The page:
So, it comes down to the Frog Brothers helping Sam and Michael battle David, Paul, Dewayne and Marko with gory and comical results. If you’ve never heard the phrase “Death by stereo,” it does seem a little overboard. I don’t think an arrow piercing a stereo would do much damage. Nor would a vampire dying in a tub of holy water and garlic result in a water overflowing everywhere including the downstairs kitchen. But who cares? This is a movie about teen punk vampires, dammit!

Joel Schumacher directed this movie and he had made the Brat Pack movie St. Elmo’s Fire in 1985. Here he takes the old Victorian romanticism of the vampire myth and gives it a “MTV Generation” feel. The scene in which Cappello performs for the young people has become almost as iconic as the movie itself. You could randomly select 100 people who have seen this movie and ask them to name a memorable scene and they would all choose this one.

With a soundtrack that included Roger Daltrey, INXS and a cover of The Doors’ “People Are Strange” by Echo & the Bunnymen, this is a movie about Gen X vampires for Gen X audiences. Who cares if Dracula doesn’t drink wine, the vampires practically walk around Santa Carla like they own the joint. And that’s what youth is like. You think you’re going to live forever. The only thing that matters is the moment you’re in. You want to dress the way you want and look the way you want. There’s such a big issue about Michael wearing sunglasses when he’s around Lucy and Sam.

You could also look at Michael and Sam as the contrast in youth. Since Michael’s the eldest, he feels he’s almost an adult but still being treated like a child. There’s a mention that Michael is still in school which leads me to suspect that he’s 17 and going to be a senior which is why Lucy feels Michael’s rebelling because he’s had to move his senior year. Sam, on the other hand, is still young to the point he’s terrified of the “closet monster.” He reads comic books which in 1987 was something only younger kids were thought to do. There’s been some speculation that Sam is gay as he has a Rob Lowe poster in his room. But what does it matter?

In many ways, the movie says a lot about young people navigating through the 1980s as children of Baby Boomers. The Frog Brothers rebel against their lazy hippie parents by actually working at the family business and being inspired by Rambo and Chuck Norris, who are more conservative. Sam’s loud 1980s fashion contrast with his mother’s more conservative and Grandpa’s more rustic attire. Even Max, who is later revealed to be the head vampire, and “father” to David, Paul, Dewayne and Marko, is first seen trying to look like some 40-something going through a mid-life crisis in contrast to how his “boys” wear their clothes in a more rebellious but casual fashion.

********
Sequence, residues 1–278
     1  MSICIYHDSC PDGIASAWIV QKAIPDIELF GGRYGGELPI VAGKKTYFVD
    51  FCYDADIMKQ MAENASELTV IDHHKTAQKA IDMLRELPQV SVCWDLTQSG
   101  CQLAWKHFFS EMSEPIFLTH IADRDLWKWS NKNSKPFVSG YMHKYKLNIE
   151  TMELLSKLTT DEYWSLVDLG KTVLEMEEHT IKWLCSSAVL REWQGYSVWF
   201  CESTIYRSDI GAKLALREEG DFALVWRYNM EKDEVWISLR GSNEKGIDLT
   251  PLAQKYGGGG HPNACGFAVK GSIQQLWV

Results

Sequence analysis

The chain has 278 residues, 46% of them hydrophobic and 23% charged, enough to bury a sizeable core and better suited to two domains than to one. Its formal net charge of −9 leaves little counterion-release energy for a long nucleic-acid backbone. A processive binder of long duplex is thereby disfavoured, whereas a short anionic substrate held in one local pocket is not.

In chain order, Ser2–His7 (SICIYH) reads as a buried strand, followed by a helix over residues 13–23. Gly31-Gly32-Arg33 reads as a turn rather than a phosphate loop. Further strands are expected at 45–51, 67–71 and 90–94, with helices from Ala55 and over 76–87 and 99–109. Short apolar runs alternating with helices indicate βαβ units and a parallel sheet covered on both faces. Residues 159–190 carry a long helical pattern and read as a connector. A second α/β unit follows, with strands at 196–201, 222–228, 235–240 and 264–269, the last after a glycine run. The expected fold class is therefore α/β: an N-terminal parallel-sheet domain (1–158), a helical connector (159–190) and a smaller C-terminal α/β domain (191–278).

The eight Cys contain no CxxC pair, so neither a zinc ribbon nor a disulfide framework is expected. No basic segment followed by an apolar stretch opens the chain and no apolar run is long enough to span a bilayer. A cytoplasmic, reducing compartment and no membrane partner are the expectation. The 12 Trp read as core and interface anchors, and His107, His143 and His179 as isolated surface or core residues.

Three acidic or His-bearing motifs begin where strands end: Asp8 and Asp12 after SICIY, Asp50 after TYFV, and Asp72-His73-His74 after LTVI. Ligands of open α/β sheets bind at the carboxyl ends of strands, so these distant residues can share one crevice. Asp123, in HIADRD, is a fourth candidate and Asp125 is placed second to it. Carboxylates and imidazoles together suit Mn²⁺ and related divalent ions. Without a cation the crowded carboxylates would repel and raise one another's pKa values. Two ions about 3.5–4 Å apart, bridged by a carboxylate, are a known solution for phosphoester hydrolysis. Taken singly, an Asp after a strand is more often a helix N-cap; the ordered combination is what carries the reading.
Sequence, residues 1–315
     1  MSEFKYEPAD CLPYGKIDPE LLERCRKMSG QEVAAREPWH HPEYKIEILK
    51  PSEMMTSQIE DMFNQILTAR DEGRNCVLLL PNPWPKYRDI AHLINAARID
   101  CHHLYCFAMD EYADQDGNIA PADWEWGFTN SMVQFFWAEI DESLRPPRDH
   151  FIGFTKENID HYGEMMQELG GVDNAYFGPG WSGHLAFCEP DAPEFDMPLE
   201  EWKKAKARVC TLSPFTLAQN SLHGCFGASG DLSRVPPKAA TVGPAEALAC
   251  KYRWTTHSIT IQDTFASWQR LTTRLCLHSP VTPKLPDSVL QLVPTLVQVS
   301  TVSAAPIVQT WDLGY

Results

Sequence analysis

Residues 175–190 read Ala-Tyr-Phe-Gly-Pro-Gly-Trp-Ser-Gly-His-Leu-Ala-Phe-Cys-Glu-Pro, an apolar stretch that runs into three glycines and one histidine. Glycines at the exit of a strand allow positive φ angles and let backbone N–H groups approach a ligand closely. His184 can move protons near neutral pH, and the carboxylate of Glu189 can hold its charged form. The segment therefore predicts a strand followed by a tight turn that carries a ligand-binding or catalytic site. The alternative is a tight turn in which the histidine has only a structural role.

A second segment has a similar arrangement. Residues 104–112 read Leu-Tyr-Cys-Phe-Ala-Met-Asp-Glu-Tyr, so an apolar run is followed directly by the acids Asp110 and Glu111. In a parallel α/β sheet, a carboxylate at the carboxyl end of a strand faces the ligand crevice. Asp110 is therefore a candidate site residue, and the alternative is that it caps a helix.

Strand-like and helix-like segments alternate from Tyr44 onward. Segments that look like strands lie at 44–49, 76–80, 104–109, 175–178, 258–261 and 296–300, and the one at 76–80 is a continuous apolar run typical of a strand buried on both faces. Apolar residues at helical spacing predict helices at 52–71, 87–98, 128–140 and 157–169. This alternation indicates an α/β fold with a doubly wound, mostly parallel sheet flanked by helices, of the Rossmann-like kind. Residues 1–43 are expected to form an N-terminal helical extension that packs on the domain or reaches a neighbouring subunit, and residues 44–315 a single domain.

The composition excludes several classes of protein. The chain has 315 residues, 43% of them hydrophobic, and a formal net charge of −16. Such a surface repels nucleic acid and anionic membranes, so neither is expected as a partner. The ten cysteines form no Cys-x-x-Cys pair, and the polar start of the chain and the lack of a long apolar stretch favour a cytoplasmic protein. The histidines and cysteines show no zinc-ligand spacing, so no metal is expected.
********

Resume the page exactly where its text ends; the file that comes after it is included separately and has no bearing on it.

The Lost Boys, taken its name from the Peter Pan stories, helped usher in a new way of looking at vampires for Gen Xers. Dracula might have been depressed he was searching for love, but these vampires just wanted to party. Years later when Brad Pitt and Tom Cruise would play the more classical vampires in Interview With the Vampire, you couldn’t help but see a nod to The Lost Boys in the casting. And even though I didn’t care for the show, Buffy the Vampire Slayer owes a lot to The Lost Boys.

Two sequels were made that I haven’t seen but the less said about them the better. And I’m not even going to mention the Twilight saga. But what I think made The Lost Boys so memorable was how it spoke to a certain audience. “Gen X” was a few years away from being popularized. And most people didn’t feel that John Hughes was doing them justice. This was for a different audience that might not have seem so popular. Produced on a $8.5 million budget, it grossed over $32 million. Not a huge blockbuster, but it did resonate with a lot of young people thanks to cable TV and home video.

It’s been popular for 35 years and hopefully another 35 more and beyond that.

What do you think? Please comment.

Published by bobbyzane420

I'm an award winning journalist and photographer who covered dozens of homicides and even interviewed President Jimmy Carter on multiple occasions. A back injury in 2011 and other family medical emergencies sidelined my journalism career. But now, I'm doing my own thing, focusing on movies (one of my favorite topics), current events and politics (another favorite topic) and just anything I feel needs to be posted. Thank you for reading.